Fire Operations

Fire in the Everglades
Smoke column from fire in the Everglades

NPS Photo Riki Hoopes

 

Fire has always been a common and natural occurrence in the Everglades. Native Americans and pioneers have historically used fire for centuries. They understood that vegetation and wildlife responded to the beneficial effects of fires. Frequent lightning ignited fires have also shaped the wild landscape of south Florida. Wildfires can stimulate lush plant growth an flowering qquickly after a urn in the Everglades. Virtually all the vegetation communities in Everglades National Park are fire dependent or fire adapted.

Although fire is natural and even essential to the ecosystems of the park, wildland fire has the potential to threaten human lives and property. Fire management requires balancing the risks and benefits of fire in our wildlands.

 
Firefighters suppressing wildfire
Firefighters suppressing wildfire

NPS Photo

  • Some fires are suppressed
    • When life, property, or values at risk are threatened fires are suppressed. For example, wildfires that threaten public areas, major roads, endangered species, or certain cultural resources are suppressed.
  • Some fires are managed for resource benefit.
    • After careful evaluation, some fires may not be immediately suppressed if no threat is posed to life or property and the Everglades ecosystem can benefit from the fire burning in the habitat where the fire is burning. Fire staff monitor these fires and take action as needed. These fires are managed to benefit the Everglades while ensuring no life and property are harmed.
 
Helicopter flying above fire crew
Helicopter flying above fire crew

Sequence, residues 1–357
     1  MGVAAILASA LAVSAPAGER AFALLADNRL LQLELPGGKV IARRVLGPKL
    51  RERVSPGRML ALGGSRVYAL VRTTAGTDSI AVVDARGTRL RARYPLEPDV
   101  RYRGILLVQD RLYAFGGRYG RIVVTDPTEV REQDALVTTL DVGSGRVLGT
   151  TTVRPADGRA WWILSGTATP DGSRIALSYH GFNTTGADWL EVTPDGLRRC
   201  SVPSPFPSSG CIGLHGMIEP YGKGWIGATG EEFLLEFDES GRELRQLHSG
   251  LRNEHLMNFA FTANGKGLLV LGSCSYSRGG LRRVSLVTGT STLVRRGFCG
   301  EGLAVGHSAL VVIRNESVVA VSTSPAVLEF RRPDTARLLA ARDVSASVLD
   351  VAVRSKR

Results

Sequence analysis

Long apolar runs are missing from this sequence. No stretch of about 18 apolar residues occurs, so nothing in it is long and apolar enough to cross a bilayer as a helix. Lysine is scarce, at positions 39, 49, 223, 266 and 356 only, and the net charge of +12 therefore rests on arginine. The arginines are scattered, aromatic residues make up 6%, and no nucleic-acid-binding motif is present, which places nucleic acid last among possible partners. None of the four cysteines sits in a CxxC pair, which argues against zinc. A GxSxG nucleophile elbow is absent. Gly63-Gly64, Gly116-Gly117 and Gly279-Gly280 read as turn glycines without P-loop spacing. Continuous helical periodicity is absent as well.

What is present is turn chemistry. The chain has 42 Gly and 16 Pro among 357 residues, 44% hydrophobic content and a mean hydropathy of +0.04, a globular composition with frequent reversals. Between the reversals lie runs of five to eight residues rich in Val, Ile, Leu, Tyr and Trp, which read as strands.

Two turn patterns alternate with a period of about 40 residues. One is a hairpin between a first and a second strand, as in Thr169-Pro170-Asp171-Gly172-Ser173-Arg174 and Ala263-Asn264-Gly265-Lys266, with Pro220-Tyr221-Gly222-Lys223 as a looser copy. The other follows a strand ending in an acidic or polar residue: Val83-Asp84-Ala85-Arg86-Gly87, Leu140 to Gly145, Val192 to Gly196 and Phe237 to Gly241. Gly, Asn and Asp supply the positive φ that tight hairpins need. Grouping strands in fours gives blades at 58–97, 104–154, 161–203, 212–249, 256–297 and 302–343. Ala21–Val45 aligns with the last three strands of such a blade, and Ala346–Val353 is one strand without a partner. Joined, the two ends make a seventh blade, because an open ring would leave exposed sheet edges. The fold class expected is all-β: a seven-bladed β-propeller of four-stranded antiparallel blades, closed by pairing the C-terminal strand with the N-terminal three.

NPS Photo Michael Gue

Everglades National Park Division of Fire and Aviation staff are responsible for all fire activities including suppression, prescribed fire operations, fire effects, and fire ecology. Aviation staff are responsible for all of the park's flights including research, fire and resource management, law enforcement and search and rescue activities. Aircraft use occurs daily and touches nearly every employee in the park to some degree. Resources used to aid in fire management include a Type 3 Wildland Fire Engine, a Type 6 Wildland Fire Engine, and a Type 3 Helicopter.

As resources allow, fire management staff memebers are sent to assist with wildfires and prescribed fires across the nation, most often during the summer dry seasons across the western United States. Additionally, fire staff assist in a wide variety of all hazard incidents within the park and nationally, including hurricanes and flooding.

Last updated: April 3, 2020

Contact the Park

Mailing Address:

40001 State Road 9336
Homestead, FL 33034

Phone:

(305) 242-7700

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